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Embracing the Internet of Things - What's in Store for Enterprises?

By Jimmy Cheong, Head of Professional Services & Technology Group (PSTG), Fuji Xerox Singapore


Jimmy Cheong, Head of Professional Services & Technology Group (PSTG), Fuji Xerox Singapore

In the enterprise world, the Internet of Things (IoT) has been said to greatly affect the way businesses are operated. For example, enabling users to identify and access information on choosing the fastest route to drive home, to comparing best deals for an online purchase. New technologies ranging from wearables, to smart appliances and solutions maximising the potential of such connectivity and integration of smart applications for greater usability will become a common place.

According to the latest report by Frost & Sullivan, IoT is poised to become one of the fastest growing segments of the Asia-Pacific technology industry, with spending in Asia Pacific to reach $56.9 billion by 2020.Countries that are expected to be the fastest growing IoT markets in APAC between 2014 and 2017 include India, Malaysia, Thailand and Indonesia. Indian enterprises are said to be still at the early stages of understanding the impact of the IoT on their business, according to Gartner.

Adopting the Internet of Things (IoT)
As technology becomes pervasive and embedded in more aspects of consumers' personal lives, it is not surprising that individuals and businesses will stand to benefit from this shift. In fact, the most forward-thinking businesses are already reaping the benefits of embracing IoT, which includes improved business productivity and efficiency.

As IoT economy is set to thrive even further over the next few years, we believe enterprises should look at evolving and adapting with market changes to be successful. At Fuji Xerox, we believe in continually innovating and transforming our business to keep pace with market changes, and we remain committed to continuous delivering breakthrough products and solutions to our customers, enabling them to achieve greater workflow efficiencies.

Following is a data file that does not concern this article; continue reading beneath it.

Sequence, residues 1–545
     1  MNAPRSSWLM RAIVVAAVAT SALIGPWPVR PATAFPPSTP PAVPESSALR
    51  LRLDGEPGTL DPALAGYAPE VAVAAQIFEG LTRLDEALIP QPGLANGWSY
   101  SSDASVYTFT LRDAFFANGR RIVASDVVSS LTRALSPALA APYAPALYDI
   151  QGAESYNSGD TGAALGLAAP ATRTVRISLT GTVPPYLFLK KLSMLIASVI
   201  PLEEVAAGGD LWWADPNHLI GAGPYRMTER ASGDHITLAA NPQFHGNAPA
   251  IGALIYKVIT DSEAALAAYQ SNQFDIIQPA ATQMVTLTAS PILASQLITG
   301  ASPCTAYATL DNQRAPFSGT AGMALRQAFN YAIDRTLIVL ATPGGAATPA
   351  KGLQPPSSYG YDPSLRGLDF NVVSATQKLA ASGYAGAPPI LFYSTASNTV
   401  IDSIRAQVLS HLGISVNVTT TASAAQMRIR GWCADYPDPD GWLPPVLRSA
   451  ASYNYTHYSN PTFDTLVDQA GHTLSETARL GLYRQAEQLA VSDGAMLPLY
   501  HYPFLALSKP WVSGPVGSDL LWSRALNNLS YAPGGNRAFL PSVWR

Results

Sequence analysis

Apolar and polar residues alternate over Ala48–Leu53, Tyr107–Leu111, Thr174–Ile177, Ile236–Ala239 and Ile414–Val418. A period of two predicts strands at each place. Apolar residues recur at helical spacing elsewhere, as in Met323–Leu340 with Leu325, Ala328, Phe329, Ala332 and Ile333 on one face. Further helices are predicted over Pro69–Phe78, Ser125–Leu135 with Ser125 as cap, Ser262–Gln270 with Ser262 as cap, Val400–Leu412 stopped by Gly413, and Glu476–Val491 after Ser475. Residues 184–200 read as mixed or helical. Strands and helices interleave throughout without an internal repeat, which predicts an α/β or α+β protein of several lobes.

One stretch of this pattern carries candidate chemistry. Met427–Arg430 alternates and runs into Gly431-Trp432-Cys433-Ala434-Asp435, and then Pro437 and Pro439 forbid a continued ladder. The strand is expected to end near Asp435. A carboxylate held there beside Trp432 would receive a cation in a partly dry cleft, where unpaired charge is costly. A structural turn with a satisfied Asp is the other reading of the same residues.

For instance, in the pursuit of providing seamless service management to our customers, we have introduced the Electronic Partnership BroadBand (EP-BB), which allows proactive service management, moving our service model from reactive to prognostic.Customers are alerted in advance (even before the customers themselves realises it) when its office necessities such as printing toner or paper run low, as the sensors installed on Fuji Xerox’s multifunction devices (MFDs) printer are able to transmit such information to the cloud to process the alerts. Our strategies have always been about simplifying business processes, enabling our customers to achieve better productivity and helping them achieve their desired business results.

Growing security concerns
However, as promising as IoT may sound at this stage, there are growing concerns among executives about combating the ever-growing security threats that are becoming increasingly sophisticated, which cannot be ignored.According to a recent IDC survey, 30% of respondents (mostly the IT executives) cited security as the biggest roadblock to adopting IoT.

In fact, IT experts play a key role in determining how IoT will impact security across the organisation. Security technologies, encryption schemes and access policies should be part of the success equation to overcome any security challenges. A rule of thumb for organisations that are ready to embrace IoT fully is to approach it with care.

While security fears may not be going away soon any time soon, executives should remain optimistic that the industry will find a way to address these concerns. With the right security approach, it will boost usage of IoT enable devices and systems, rather than slowing it down.

The road ahead
Increased connectivity has definitely created a more mobile workforce for any organisations, with knowledge-sharing across geographies made much simpler, and increased work productivity due to streamlined processes. Instead of allowing technology to hinder the growth of the business, it is also crucial that organisations leverage smart office solutions (such as Fuji Xerox’s Smart Flow) to streamline work processes and reach its potential business growth.

While most IoT software and devices may be complex in nature with high security compliance risks, it should not be an impediment for organisations to adopt the changes. The business value of adopting IoT is too great for businesses to sit on the sidelines.To best tap on the ever-growing IoT opportunities, enterprises should be prepared to take risks and be open to changes. If we move past the security issues, we can look forward to a slew of benefits when IoT further matures and strengthens. Companies that are fast in embracing IoT will definitely gain a competitive edge over their competitors.

That being said, many companies are not far behind too. It’s a matter of time before adoption becomes widespread as new security architectures and solutions emerge, and it will be interesting to see how organisations evolve over the next couple of years with IoT.

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